The men and women can, and should, meet to pray and sing together every Sunday. One of the other women (the former “pastor” needs to sit out of leadership for a while) can certainly teach a women’s Bible study class. But if the men want a Bible teacher or pastor, one of them is going to have to step up and do it. And the women need to be sure they’re holding their ground and refusing to step into that role. What a godly testimony of obedience they will be to the men! Hopefully, it will shame the men over their own disobedience.

God doesn’t give anyone permission to disobey Him just because it’s hard or inconvenient. It was the hardest thing in the world for Jesus to go to the cross, but He did it anyway because He was obedient to His Father. He was willing to die rather than disobey. That is the example she needs to follow.

No temptation has overtaken you that is not common to man. God is faithful, and he will not let you be tempted beyond your ability, but with the temptation he will also provide the way of escape, that you may be able to endure it.
1 Corinthians 10:13

In your struggle against sin you have not yet resisted to the point of shedding your blood.
Hebrews 12:4

In all your ways acknowledge him,
    and he will make straight your paths.
Proverbs 3:6

Commit your way to the Lord; trust in him, and he will act.
Psalm 37:5

When we face tests of our faith, it is not time to take the easy way out and sin, it is God stretching us and giving us an opportunity to trust and obey Him so He can use that situation as a vehicle for growing us to greater maturity and Christlikeness.

This lady, and the rest of the church, has the opportunity here to cry out fervently to God to provide them with a pastor and then trust Him to act on their behalf.

Ask, and it will be given to you; seek, and you will find; knock, and it will be opened to you. For everyone who asks receives, and the one who seeks finds, and to the one who knocks it will be opened. Or which one of you, if his son asks him for bread, will give him a stone? Or if he asks for a fish, will give him a serpent? If you then, who are evil, know how to give good gifts to your children, how much more will your Father who is in heaven give good things to those who ask him!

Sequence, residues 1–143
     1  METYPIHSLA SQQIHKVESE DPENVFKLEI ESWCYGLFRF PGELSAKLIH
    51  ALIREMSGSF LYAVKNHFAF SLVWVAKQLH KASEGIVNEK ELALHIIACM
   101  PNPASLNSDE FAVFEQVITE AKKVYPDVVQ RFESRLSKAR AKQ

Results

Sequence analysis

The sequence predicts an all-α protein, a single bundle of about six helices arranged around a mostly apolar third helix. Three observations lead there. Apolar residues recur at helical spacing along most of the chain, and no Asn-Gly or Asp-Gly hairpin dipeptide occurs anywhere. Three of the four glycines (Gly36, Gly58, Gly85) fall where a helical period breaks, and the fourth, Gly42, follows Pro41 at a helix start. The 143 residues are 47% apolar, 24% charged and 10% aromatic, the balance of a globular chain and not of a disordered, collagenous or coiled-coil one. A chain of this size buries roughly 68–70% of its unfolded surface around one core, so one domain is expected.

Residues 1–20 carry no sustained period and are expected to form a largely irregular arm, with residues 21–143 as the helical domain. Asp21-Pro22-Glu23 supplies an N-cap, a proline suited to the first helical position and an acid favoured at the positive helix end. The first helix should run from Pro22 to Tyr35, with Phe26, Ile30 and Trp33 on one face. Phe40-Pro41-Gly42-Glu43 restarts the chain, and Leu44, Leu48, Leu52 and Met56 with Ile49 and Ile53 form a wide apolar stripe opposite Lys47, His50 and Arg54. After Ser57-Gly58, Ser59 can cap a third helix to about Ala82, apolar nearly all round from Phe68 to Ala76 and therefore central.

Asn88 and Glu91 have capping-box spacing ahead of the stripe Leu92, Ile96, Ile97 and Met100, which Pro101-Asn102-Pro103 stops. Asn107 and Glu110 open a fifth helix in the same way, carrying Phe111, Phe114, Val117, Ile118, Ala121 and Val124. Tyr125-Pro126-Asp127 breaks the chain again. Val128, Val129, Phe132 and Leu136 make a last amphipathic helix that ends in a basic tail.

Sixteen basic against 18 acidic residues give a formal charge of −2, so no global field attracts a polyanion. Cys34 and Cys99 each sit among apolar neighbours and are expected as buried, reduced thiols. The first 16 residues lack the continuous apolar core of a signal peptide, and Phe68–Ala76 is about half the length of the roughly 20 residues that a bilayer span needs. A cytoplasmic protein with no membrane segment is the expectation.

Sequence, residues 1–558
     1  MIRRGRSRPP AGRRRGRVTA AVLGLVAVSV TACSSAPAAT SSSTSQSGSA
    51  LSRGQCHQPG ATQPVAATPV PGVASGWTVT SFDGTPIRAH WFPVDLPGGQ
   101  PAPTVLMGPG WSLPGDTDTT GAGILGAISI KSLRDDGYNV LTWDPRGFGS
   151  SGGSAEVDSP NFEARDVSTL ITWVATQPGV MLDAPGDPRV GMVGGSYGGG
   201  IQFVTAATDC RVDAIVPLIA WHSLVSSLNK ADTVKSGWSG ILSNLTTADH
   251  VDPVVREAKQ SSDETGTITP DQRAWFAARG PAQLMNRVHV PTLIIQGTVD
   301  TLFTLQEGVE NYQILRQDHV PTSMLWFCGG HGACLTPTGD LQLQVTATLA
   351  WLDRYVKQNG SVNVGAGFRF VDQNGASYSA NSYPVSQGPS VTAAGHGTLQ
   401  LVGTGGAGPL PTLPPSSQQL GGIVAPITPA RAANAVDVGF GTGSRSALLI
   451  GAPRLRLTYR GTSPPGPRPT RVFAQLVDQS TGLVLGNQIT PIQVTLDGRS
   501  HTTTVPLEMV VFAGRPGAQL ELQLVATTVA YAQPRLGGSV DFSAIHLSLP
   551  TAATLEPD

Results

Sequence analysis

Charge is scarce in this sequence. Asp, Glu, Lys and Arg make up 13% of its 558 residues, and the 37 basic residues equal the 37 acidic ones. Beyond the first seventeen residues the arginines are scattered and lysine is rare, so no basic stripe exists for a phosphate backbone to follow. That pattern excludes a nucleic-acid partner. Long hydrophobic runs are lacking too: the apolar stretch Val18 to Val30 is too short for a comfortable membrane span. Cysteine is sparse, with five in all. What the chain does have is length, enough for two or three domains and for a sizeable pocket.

Matthew 7:7-11

Which would bring more glory to God and be more of a testimony to His greatness: for this lady to have taken matters into her own hands and sinned, or for her and the rest of the women to obey God, for everyone to pray and trust God for a pastor, and then to have the awesome experience of God answering that prayer?

There’s nothing amazing, especially in that culture, about men being lazy and women stepping in and picking up the slack. Why have a Christian church that is supposed to be following the all powerful God of the universe be just one more example of that? Instead, they could have an incredible testimony of God providing a pastor and changing the hearts of the men of the church to take responsibility and lead. What kind of an impact would that have on the surrounding culture? How many doors might that open for that church to share the gospel?